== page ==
You’ve also studied racial disparities in cancer care. What are your key findings and implications?

A lot of my research looks at how we can improve care and benefit our own patients in North Carolina. Many researchers here at UNC, including my mentor Dr. Paul Godley, have done research on racial disparities in prostate cancer care. We know from prior studies that African American men tend to be diagnosed later, they tend to receive less aggressive treatment, and they tend to more commonly die from prostate cancer than do Caucasian men.

We studied why. We looked at whether there’s a longer delay between diagnosis and treatment in African American patients -- you could imagine that a longer delay could lead to a higher chance of reoccurrence of cancer. In this study, we looked at Medicare patients, and we found that – on average – African American men took a week longer between diagnosis and starting treatment compared to Caucasian men. And the delay was even longer for patients who were diagnosed with aggressive, high-risk prostate cancer.

Why that is we don’t really know. But, our study urges the research community to conduct more studies – so we can potentially make that better.

You are the director of the UNC CyberKnife Radiosurgery Program. What is that, why is it necessary, and what sorts of results have the program seen since 2007?

Essentially CyberKnife is a small radiation machine attached to a robot. The patient lies on a table and the robot moves to where the tumor is to deliver radiation to the tumor. The benefit is that it’s an extremely accurate way to deliver radiation targeted to a tumor. It helps us minimize radiating normal tissue so that we reduce side effects as much as possible.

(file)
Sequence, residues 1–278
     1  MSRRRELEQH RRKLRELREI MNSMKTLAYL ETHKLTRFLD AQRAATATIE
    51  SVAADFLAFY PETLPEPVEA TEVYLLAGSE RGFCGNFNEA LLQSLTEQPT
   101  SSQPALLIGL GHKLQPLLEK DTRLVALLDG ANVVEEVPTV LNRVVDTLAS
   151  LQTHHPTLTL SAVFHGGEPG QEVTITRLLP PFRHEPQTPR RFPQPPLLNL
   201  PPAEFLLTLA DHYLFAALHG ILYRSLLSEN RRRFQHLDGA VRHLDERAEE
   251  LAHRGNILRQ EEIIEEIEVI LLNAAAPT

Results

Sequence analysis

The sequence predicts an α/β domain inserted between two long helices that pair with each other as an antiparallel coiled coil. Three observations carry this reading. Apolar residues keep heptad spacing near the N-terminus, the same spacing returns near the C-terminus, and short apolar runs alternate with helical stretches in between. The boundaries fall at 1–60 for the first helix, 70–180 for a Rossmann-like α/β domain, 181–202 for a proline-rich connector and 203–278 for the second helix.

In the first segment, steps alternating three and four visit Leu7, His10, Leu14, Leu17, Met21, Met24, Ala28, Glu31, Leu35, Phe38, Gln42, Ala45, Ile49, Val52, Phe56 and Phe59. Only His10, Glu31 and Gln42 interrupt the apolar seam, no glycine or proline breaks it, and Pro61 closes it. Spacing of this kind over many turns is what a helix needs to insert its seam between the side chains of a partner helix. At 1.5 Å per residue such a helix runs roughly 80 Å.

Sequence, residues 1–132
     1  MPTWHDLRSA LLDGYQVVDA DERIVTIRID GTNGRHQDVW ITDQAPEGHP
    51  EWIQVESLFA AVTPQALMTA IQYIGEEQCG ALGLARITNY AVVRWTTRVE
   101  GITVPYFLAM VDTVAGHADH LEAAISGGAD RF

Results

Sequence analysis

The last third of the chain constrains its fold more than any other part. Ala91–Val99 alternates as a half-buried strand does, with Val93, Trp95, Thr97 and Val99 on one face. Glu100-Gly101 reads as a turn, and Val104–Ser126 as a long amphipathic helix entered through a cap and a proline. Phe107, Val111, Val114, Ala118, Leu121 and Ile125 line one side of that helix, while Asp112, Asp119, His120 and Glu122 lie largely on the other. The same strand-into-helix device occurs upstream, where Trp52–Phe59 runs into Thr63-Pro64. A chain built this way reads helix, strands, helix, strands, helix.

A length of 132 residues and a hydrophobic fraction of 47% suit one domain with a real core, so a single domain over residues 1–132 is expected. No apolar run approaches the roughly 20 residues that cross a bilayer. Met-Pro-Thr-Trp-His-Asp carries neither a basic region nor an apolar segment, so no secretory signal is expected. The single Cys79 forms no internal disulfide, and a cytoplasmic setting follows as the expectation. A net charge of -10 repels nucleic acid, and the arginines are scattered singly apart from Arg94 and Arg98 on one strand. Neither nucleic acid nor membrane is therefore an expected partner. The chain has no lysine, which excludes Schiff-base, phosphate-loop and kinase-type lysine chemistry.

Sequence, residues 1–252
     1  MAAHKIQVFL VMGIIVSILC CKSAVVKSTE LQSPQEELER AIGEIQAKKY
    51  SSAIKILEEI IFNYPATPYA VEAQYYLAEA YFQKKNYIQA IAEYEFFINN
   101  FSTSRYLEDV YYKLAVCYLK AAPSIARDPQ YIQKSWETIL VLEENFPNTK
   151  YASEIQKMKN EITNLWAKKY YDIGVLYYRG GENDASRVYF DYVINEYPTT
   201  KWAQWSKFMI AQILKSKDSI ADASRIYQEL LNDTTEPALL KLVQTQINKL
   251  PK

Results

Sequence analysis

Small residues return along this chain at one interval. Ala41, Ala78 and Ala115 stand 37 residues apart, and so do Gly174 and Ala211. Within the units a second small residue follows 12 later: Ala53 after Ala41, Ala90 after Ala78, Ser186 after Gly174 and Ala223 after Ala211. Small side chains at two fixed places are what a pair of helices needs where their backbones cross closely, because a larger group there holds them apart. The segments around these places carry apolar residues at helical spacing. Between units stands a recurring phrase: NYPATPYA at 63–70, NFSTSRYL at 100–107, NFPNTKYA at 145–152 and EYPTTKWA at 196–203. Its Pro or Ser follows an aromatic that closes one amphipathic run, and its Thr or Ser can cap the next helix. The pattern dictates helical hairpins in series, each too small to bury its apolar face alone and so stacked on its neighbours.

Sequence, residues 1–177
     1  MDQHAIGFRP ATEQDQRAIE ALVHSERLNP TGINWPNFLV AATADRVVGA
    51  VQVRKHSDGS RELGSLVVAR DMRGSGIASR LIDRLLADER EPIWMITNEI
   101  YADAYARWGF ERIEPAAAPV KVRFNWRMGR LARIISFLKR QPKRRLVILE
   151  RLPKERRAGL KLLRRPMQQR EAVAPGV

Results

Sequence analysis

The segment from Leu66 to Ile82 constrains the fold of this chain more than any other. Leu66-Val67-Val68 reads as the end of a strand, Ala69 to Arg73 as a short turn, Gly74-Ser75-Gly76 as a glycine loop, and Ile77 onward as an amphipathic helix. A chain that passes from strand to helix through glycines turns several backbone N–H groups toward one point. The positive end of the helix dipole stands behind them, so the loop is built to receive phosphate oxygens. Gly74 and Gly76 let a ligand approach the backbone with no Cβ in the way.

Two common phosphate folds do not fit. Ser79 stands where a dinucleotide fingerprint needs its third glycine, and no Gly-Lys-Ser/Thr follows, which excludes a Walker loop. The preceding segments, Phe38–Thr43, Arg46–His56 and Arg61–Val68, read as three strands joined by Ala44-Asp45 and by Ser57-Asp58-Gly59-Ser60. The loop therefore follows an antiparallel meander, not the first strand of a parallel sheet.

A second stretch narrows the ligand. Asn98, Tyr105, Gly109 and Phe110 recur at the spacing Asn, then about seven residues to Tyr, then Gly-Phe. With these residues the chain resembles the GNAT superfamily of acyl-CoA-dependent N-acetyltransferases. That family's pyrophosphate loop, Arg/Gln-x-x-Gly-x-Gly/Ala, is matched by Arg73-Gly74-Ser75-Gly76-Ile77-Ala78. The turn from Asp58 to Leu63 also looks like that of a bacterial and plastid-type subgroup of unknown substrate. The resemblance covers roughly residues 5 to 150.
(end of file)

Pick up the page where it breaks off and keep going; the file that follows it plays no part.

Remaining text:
The other thing that’s really important about CyberKnife is that the machine and the radiation it delivers can follow a moving target. For prostate cancer treatment, this is important because the prostate is a moving target. So are lung tumors -- CyberKnife can move to follow the lung tumor as the patient breathes.

To be clear, CyberKnife is not appropriate for every tumor. But it is commonly used for prostate, lung and brain tumors. There’s good evidence that it’s effective and safe in certain types of tumors – especially small tumors – and has allowed us to be very accurate.

Another advantage of CyberKnife is that we’ve been able to dramatically reduce treatment time. For example, standard prostate cancer radiation generally is every day for eight weeks. That’s a long time for patients. But with CyberKnife, we’re able to reduce treatment to four or five days total. Our research has shown that this is an effective treatment for early prostate cancer and patients have good quality of life outcomes afterwards.

A lot of research is currently being done to use Cyberknife radiation in additional situations. There’s currently a clinical trial being conducted here at UNC for patients with liver tumors and spine tumors – and continued research will help us learn more about the effectiveness of CyberKnife radiation in these settings.

What is the most rewarding part of your job?

I would say my job involves three different parts. I think of myself as physician first, because I want to help cancer patients live better lives. I think my research compliments that and allows me to be a better doctor and potentially advance treatments that help us get better outcomes for patients. Also, I teach medical students and residents. I think of that as complementary to my patient-centered mission, as well.

I think the most important and rewarding part of my job is interacting with patients and following them after treatment to make sure they’re doing well.

Ronald Chen, MD, MPH, is an assistant professor in the department of radiation oncology at the UNC School of Medicine and a member of the UNC Lineberger Comprehensive Cancer Center. The James W. Wood Junior Faculty Award, which comes with a $3,000 stipend, supports promising young members of the School of Medicine’s clinical faculty. Chen has also been awarded the school’s 2012 Medical Student Research Mentor Award.

This article was originally published by UNC Health Care. To access the original article, click hereExternal Site